To Starbucks: Media blasts won't help your bottom line
Starbucks is a company I try to hard to hate, but can't, which is more than I can say for most.
For those of you who haven't heard, those poor fellows at Starbucks experienced their first decline in customer traffic, EVER. Keep in mind, this is after they expanded from 3,000 to 10,000 US locations in two years. Naturally, management had a pow-wow, someone raised their hand and said, "Doesn't advertising increase traffic?", to which everyone nodded, and by the end of the day an advertising budget proposal, in the millions, was on the CEO's desk. Who wants to bet TV buys will make up the majority of the budget?
Taking a step back, the reason I have such a hard time being negative about Starbucks is that up to this point they never advertised, by extension meaning they never annoyed, or interrupted me. By not advertising they somehow held on to their authenticity of being the "third place", even though I can stand on a street corner in Manhattan and spot 3 locations. In addition, by not advertising they never shoved a message or image down my throat telling me what their brand should mean to me. It was ambiguous and I defined it in my own personal way. Even now I can't describe the feeling of escaping the bone-chilling New York winters to grab a cup of coffee, jump on my laptop, and meet up with a friend.
Those of you that read my blog regularly understand that I'm not a 100% new media evangelist and I still believe that there is a place for traditional broadcasts; however, I also believe the mass blasts should only be used to increase awareness for new products, time sensitive promotions, and differentiation in low-involvement, saturated markets (ie. toothpaste). Starbucks doesn't fall into any of these categories and is in fact one of the must ubiquitous brands in the world.
If their goal is to increase customer traffic I am confident that a new media approach would be far more effective.
A very simple example would be to extend the online component of Starbucks' previous "Chain-of-cheer" campaign where they passed out gift cards and subway passes in hopes that you would in turn do something nice for someone else. Great concept, and they had a website where you could login and track your chain of cheer. However, the effort was geographically limited. The simple solution would be to activate this campaign nationally and globally by activating Starbucks lovers online through social tools like Social Networking Sites, Twitter, etc. Take this one step further and partner with multiple charities (Maybe even to increase working wages for coffee farmers?) where people can pledge $1 and pass it on to their friends who also pledge $1. A campaign like this has the added benefit of expanding outside traditional Starbucks customers and humanizing the brand to their critics who traditionally charge Starbucks of being an uncaring corporate behemoth bankrupting mom & pop shops and enslaving coffee growers.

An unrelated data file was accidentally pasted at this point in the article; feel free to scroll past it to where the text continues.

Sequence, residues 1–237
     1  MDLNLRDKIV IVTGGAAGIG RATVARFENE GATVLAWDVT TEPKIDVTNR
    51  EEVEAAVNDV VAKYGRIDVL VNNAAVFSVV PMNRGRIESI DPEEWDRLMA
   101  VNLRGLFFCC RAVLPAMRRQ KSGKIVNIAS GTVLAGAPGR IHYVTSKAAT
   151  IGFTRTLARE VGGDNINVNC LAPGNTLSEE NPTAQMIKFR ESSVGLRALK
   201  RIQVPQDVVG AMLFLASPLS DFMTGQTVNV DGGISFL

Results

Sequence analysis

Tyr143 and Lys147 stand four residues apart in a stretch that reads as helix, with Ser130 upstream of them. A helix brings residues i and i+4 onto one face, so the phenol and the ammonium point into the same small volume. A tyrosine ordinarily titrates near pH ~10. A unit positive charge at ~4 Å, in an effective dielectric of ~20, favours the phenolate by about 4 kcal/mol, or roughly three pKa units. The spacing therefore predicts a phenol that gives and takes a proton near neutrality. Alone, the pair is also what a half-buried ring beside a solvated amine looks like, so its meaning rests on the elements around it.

By embracing new media, and talking to consumers on a personal level, Starbucks can still preserve their place, at least in my mind, as my corner coffee shop - perhaps it is just a manifestation of denial that somehow I believe my Starbucks is unique. Then again it might just be that there is a lot of terrible coffee being doled out by delis in New York.
Can you think of any other brands that don't advertise yet are extreme successful? Or, companies that can do a better job of embracing social media? How can Starbucks better leverage social media tools?
UPDATE: I wrote this post before the TV ads broke and Starbucks has chosen to go with the "Pass The Cheer" theme again. Why not build online activation touch points around the TV efforts? That said the ads have a great look to them and you can see them all here.
UPDATE #2: BrandAutopsy just posted a fantastic series of archived posts on this subject.
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Guided by his passion and thirst to evolve the ad-scape, Seni developed The Ad-Vocate. The key to igniting change is empowerment through knowledge; thus, Seni sought to create a location where students and young professionals could be exposed to the cutting edge advertising/marketing ideas that educational institutions simply aren't providing.
Seni Thomas was born in Tokyo, Japan and lived throughout Southeast Asia before settling down on the island of Maui. After enduring a severe case of Island Fever he jumped ship to NYU's Stern School of Business in good old New York City studying Marketing and International Business. Professionally he is driven by an entrepreneurial spirit which led to him founding a web development and computer repair company at 14. After a quarter life crisis at 15 - after a summer working 40 hours a week at Boeing R&D on Maui - he decided to pursue his other passion of marketing - essentially the study of people and why these crazy creatures do what they do. Interesting stuff. Since then he has dabbled in everything from launching Alternate Reality Games, to ethnic fashion marketing, to in-game ad placement at Massive Inc., to aiding in the launch of Verizon's FiOS television service.
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